Utah launched the “Healthy Together” app to help the state gather information on where people may be contracting the virus and help them track it. The application uses the same questionnaire as “TestUtah” — an online survey that asks people about their symptoms and COVID-19 exposure. 

Users can opt to allow the app to track their location and receive updates from the Department of Health if they may have come in contact with someone who tested positive for COVID-19.

What’s happening with schools and universities?

Utah’s K-12 public and charter schools’ are closed for the remainder of the school year. School buildings will stay open and provide lunch for students.

Universities across Utah cancelled in-person classes for the spring and summer semesters. The University of Utah, Weber State, Utah State and Brigham Young University moved their classes entirely online.

No announcements have been made regarding the 2020-2021 school year for Utah’s K-12 schools or higher education.

The state’s technical college campuses are closed until their regions fall under the yellow phase of the pandemic response. There are exceptions for online programs and for small groups of students who are nearing graduation. All in-person instruction and testing is by appointment only and follows current COVID-19 protocols. The colleges are working to prioritize which programs may resume in-person instruction.

What’s the economic impact on Utah so far? 

The number of new unemployment claims dropped again in the week of May 10-16 according to the Department of Workforce Services. More than 6,200 Utahns filed for new, traditional unemployment benefits, down 12% compared to the week before. There were a total of 101,389 people in the state who received payments for a total of $75.5 million in federal and state benefits.

An additional 2,600 people filed for Pandemic Unemployment Assistance. That is the fund set up for gig and non-traditional workers. 

More than 6,500 Utahns stopped filing for benefits, which is an increase from the previous week. The Department of Workforce Services says these trends are encouraging and expects them to continue as the economy reopens and people return to work.

To prepare for falling tax revenues due to the pandemic, Utah legislators met May 13 to revise budgets. Subcommittees were asked to remove any added spending approved in the last general session and put forward new proposals that could mean cuts of an additional 10%.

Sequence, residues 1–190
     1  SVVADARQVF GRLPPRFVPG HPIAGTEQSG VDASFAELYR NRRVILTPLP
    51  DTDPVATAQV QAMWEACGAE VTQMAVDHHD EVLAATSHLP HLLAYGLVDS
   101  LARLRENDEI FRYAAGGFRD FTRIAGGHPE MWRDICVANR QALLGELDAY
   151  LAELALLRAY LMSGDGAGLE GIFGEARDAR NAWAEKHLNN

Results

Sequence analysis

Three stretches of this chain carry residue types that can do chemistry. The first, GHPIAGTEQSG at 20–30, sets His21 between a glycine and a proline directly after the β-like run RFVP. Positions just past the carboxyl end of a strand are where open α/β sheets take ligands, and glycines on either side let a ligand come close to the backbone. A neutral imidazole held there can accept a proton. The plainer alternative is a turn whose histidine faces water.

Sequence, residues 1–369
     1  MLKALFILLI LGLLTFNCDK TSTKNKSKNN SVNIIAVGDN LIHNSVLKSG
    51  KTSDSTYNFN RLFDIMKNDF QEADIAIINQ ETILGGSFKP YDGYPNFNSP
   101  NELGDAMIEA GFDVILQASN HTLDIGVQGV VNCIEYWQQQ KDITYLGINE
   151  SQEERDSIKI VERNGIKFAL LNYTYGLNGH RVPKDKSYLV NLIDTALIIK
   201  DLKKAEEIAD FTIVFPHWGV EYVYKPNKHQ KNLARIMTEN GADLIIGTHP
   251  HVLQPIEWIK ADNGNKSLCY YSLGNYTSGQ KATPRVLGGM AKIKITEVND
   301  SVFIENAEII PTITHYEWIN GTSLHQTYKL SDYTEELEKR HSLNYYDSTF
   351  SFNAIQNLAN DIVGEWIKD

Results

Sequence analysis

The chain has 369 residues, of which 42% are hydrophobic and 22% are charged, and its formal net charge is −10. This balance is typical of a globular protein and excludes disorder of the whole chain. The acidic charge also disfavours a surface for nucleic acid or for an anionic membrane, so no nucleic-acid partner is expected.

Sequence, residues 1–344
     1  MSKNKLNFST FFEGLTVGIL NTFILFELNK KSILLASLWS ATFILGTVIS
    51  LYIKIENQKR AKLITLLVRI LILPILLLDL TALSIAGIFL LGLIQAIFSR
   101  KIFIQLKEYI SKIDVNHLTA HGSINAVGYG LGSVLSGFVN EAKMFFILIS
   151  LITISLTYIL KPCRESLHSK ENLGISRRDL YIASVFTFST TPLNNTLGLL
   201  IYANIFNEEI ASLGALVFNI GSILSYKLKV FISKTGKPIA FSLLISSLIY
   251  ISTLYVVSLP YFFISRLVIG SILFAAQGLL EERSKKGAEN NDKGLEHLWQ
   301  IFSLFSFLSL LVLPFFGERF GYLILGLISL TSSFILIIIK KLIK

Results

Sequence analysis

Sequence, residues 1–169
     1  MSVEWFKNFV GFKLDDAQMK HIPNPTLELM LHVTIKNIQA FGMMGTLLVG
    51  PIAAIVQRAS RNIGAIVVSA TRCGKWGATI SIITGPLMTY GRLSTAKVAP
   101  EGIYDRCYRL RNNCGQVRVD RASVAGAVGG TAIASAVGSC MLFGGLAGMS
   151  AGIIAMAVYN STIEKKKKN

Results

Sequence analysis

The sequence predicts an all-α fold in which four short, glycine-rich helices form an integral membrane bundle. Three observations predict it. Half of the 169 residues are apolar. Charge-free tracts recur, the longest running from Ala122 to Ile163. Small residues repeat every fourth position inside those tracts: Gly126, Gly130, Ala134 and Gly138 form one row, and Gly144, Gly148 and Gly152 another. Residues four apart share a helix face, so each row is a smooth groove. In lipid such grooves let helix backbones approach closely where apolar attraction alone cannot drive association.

Gov. Gary Herbert’s executive order which allows renters in Utah to defer rent payments and be protected from evictions expires May 15. Advocacy groups had called for an extension on the order, but in a press conference May 14, Herbert announced the original expiration would stand. He referred renters who need assistance to the state’s 211 hotline managed by United Ways of Utah.

Payments of the federal CARES Act started rolling out to 2,094 of Utah’s hospitals and healthcare providers on April 10. More than $185 million will be distributed in the state. This part of the CARES Act is meant to help keep the country’s health care system running financially. 

How are worship services affected?

On May 19, the Church of Jesus Christ of Latter-day Saints announced what they called a “careful, cautious reintegration of worship services.” It instructed local leaders to follow their government’s guidelines for reopening and said that in Phase I, Sunday worship services would be shorter and capped at 99 participants. Select temples in the United States, Germany, Denmark, Sweden, Korea and Taiwan, have reopened for marriage ceremonies. Additional temples are scheduled to reopen May 25.

On May 7, the Catholic Diocese of Salt Lake City, which covers the state of Utah, announcedparishes may resume public masses as long as they follow recommended health guidelines. Catholic and parochial schools are closed and will provide remote instruction.

What’s allowed for outdoor recreation and sports?

Bryce Canyon National Park reopened May 6 with limited access and resources. Capitol Reef National Park partially reopened May 5 with limited day use and some overnight camping. Cedar Breaks National Monument’s scenic road also opened for the summer season.

On May 13, both Zion National Park and Dinosaur National Monument resumed limited operations. Zion is open to visitors during daylight hours only with only certain roads and trails available. At Dinosaur, roads and trails are open but there is limited access to restrooms and no drinking water is available. The park service cautions that visitors should be prepared to be self-sufficient.

The U.S. Secretary of the Interior David Bernhardt has waived entrance fees for national parks that are open.

Arches and Canyonlands National Parks are scheduled to resume roads, trails and restroom access on May 29.

Many of the top ski resorts in Utah including Alta, Brighton, Solitude and Deer Valley closed in mid-March. Park City Mountain, Snowbasin, Powder Mountain and Snowbird have announced they will be closed for the remainder of the winter season.

The Utah Jazz were the first team to have players test positive. The NBA suspended its season indefinitely in early March.

Real Salt Lake’s schedule also came to halt after Major League Soccer suspended its season.